It started snowing on Thursday night in typical fashion – light, fluffy flakes wafting their angelic way down from the heavens to grace the earth – but quickly turned into a flurry of tiny paratroopers storming the beaches of Normandy, hard-bent on conquering and obliterating all forms of visibility and automobiles that stood in their way. In a manner not unlike that of fire ants, their might and power existed not so much in the way of intelligence and strategy but simply because there was so goddamned many of them.
Quickly following on Friday evening the atoms of the world, having been blanket-attacked by this crystallized phenomenon, decided that they’d rather be sunning themselves elsewhere and promptly stopped moving, sending the temperature of the area into digits that have difficulty showing up on any self-respecting thermometer. You could see the trees practically shrivel themselves up as they cursed the winter and snuggled down into the earth, forever glad that their genitals naturally fall off before it gets this cold.
It was into Satan’s deep freeze that I found myself heading on Saturday morning, intent on finding a means to convey myself and my family to the wild north in search of the season’s quota of pre-manufactured blessings to shower upon my relatives, friends, and those I was unlucky enough to draw out of a hat at Thanksgiving. To say it was, “crisp”, outside was a gross misrepresentation; it was insomuch as to say that plate glass is, “soggy”. Snorting a fresh cup of bleach would have been warmer and not nearly as traumatic to my respiratory system.
My thrashings about to free my vehicle from the icy depths and to awaken it (much groaning and complaining ensued) were for naught; for on the outskirts of town and heading away into the barren wastelands was a paved trail intersected by copious piles of meteorological soldiers in strategic positions, that which we so coyishly term here as, “drifts”. They are amusing when approached by sleighs, snowmobiles, and jackasses in trucks, but not nearly as pleasant when slammed into with a sedan.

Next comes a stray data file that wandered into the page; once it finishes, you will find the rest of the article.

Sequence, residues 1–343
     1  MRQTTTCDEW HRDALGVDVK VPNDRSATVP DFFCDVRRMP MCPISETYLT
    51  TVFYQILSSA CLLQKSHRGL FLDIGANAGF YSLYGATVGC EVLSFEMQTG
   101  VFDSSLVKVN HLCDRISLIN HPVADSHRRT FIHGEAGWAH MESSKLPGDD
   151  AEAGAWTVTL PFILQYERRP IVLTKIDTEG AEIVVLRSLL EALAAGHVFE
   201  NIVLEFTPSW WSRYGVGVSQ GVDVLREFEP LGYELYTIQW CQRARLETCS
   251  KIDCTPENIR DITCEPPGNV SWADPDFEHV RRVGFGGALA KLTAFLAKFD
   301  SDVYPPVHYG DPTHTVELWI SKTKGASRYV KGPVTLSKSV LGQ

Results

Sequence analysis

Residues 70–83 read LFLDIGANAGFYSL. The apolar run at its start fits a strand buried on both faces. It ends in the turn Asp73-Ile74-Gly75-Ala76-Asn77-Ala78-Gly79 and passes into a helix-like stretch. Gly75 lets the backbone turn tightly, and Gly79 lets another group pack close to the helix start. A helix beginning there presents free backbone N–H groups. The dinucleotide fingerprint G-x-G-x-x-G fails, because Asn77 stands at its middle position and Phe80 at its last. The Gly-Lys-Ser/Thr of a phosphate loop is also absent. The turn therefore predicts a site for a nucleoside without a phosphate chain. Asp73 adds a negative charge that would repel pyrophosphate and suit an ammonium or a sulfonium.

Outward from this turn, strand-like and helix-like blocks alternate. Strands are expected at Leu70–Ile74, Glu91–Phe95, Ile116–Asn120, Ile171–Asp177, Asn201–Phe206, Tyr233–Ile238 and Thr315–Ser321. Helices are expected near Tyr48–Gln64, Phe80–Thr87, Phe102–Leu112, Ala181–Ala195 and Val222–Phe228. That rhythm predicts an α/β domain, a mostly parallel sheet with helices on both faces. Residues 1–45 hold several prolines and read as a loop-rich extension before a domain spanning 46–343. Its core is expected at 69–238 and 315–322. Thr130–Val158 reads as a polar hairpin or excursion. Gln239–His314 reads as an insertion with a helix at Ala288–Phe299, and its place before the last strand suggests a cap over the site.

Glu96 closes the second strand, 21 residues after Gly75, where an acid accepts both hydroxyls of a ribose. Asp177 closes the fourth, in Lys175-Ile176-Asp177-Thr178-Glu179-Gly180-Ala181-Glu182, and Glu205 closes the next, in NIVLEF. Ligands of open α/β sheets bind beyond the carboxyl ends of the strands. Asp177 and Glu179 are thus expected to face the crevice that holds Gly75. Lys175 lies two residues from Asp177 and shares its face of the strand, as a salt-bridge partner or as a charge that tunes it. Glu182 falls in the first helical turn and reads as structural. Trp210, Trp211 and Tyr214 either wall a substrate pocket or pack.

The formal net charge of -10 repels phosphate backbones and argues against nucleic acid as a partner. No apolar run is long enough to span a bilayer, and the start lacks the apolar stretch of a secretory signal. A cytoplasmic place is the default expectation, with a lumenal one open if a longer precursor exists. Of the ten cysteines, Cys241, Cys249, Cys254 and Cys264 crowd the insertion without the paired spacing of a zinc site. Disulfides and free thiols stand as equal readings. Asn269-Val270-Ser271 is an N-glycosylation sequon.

Besides – by this time my nipples were tight and my shorts were not. I know my limitations.
It was not until late Sunday night that we finally ventured forth into the dangerous night, intent on our goal. The weather had settled down – somewhat – and my wife, gorgeous thing that she is, had a case of cabin fever that would make even a hibernating badger agree to go for a swim and a cappuccino. If the weather didn’t kill her, I was going to.
Our shopping was rosy, our cheeks were so merry, our bodies were shivering and saying, “Hail Mary!” The stores were pleasantly stripped of their usual compliment of assholes-with-carts, thanks to the inability to see through frozen corneas, so we were able to complete a good percentage of our mission in record time. After doing our part to stimulate the economy, we headed to the local 24-hour breakfast-all-day restaurant to replenish our expired load of carbs.
After our meal, my son took off running around the 99% empty establishment to stretch his legs and ended up behind the counter as I was paying for the meal, the workers cooing at how cute he was and so forth. They let him paw the various muffins for sale in the display case (sorry, folks) and the next thing I knew, he was marching away, lemon-poppyseed pastry in hand, huge grin on his face like he had hoisted a bank. I admonished him for taking it, but the staff was so overcome by his adorable countenance that they simply tossed it into our order and we took it home with us, sans charge.
“How useful!” you say, and I agree wholeheartedly. Tomorrow we’re going to a car dealership to let him loose on the place.